Sharaya Souza, Executive Director and Co-Founder of the American Indian Cultural District (AICD), takes us around Black Point historic gardens at Fort Mason and tells us about the Community Gardening Days held in partnership between AICD and the Parks Conservancy.
Collecting seeds at Mori Point.
Gateways Article
For Martine Glaros, it’s “like hiking and going on a treasure hunt at the same time.” Desmond Murray called it “needle in a haystack stuff.” Imagine finding a bloom in the park and going back weeks later when it’s no longer flowering, grasses and shrubs growing up around it, and...
Tamalpais Bee Lab macrophotography. Shown is a blue and yellow Osmia coloradensis.
Gateways Article
Thanks in part to the work of Tamalpais Bee Lab volunteers, we now know there are HUNDREDS of different bees on Mt. Tam. As these photos indicate, you never know what amazing, colorful bees you'll see!
A young volunteer holds up a plant
Gateways Article
One of our Presidio Native Plant Nursery volunteers is so dedicated, he's been volunteering for half his life! Find out what he has to say to fellow volunteers and those thinking about volunteering.
Thanks in part to the work of Tamalpais Bee Lab volunteers, we now know there are hundreds of different species of bees on Mt. Tamalpais in Marin County. The work of community scientists has helped immensely as the Parks Conservancy, our One Tam partners, and Dr. Gretchen LeBuhn of San...
Groups of serpentinite rocks lay among grass and flowers on a hill
California's state rock serpentine has two real powers: the ability to host rare and unique vegetation and its potential to help climate change.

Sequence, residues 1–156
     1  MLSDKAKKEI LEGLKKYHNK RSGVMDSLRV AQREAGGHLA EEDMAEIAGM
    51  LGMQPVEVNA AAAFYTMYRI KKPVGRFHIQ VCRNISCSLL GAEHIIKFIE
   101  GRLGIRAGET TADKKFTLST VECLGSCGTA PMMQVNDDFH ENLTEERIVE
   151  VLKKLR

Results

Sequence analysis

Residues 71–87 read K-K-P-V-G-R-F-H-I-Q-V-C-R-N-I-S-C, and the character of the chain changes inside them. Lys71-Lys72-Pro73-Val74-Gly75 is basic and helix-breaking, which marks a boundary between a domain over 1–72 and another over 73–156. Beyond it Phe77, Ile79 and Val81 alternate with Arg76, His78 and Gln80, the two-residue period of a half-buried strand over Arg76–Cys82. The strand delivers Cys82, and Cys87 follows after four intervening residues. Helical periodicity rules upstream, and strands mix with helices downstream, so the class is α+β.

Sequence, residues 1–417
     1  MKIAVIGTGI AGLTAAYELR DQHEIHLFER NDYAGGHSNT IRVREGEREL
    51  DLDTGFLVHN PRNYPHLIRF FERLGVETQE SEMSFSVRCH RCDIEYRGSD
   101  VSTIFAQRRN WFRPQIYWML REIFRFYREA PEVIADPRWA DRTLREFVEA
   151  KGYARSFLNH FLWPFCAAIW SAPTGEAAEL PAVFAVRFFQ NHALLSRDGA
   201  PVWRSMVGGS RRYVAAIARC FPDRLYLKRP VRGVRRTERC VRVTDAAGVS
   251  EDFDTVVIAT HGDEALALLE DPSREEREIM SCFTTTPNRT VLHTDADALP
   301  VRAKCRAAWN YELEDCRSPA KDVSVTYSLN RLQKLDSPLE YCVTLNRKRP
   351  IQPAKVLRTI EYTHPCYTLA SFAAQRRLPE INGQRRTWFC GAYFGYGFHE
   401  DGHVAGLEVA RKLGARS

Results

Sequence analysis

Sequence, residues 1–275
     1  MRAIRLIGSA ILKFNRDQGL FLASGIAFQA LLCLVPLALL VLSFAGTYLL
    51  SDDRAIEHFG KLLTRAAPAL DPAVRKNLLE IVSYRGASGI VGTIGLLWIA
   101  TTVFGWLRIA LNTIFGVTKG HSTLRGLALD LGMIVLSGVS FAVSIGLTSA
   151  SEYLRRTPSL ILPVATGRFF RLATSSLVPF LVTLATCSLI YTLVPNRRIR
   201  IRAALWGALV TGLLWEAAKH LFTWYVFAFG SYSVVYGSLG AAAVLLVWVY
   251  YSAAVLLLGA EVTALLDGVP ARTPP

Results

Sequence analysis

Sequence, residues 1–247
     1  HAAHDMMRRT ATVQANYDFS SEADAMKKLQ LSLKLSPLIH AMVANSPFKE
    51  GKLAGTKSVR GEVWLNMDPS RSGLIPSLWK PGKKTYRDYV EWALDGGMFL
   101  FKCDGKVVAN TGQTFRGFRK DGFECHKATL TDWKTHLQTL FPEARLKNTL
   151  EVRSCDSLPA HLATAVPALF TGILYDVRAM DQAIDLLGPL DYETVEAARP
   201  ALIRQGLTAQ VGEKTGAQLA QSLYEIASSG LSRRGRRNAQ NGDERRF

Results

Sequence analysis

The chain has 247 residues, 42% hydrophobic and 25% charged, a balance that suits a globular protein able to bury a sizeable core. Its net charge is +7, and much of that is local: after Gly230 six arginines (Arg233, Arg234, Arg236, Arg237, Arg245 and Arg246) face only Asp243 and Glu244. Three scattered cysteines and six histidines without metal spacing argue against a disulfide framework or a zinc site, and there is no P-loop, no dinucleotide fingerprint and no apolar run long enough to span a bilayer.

Colorful dyed fabric.
Marin Parks Stewardship Newsletter Article
Let’s gather inspiration and delve into the cross-pollination of creativity and restoration!
Clarkia rubicunda, also known as Farewell to Spring.
While this is an exciting change that many look forward to, it is nature's way of telling us that the season of spring is coming to a close.
The Alcatraz Historic Gardens with the Rock's famed water tower in the background.
Gateways Article
Shelagh Fritz, Program Manager for Alcatraz Historic Gardens, has worked to install an innovative rainwater catchment system on the Rock. We sat down with Shelagh to learn more.
California poppies seen in the Golden Gate national parks.
Spring brings so much life and joy into our parks, but did you know you had a special connection to a particular wildflower species based on your sign? Find out which flower is your special match!
California poppies seen in the Marin Headlands.
Gateways Article
Although the wildflowers are numerous and diverse in a super bloom, there are still reasons to not step on or pick your local wildflowers. (As a reminder, it is illegal to pick or collect plants in national forests, parks, and monuments without a permit!)
Yerba buena (Clinopodium douglasii) plants.
Have you ever wondered if the various plant and mushroom species you find when exploring San Mateo park sites are edible? You can’t take these with you, but you can get some ideas for your own garden and your next recipe!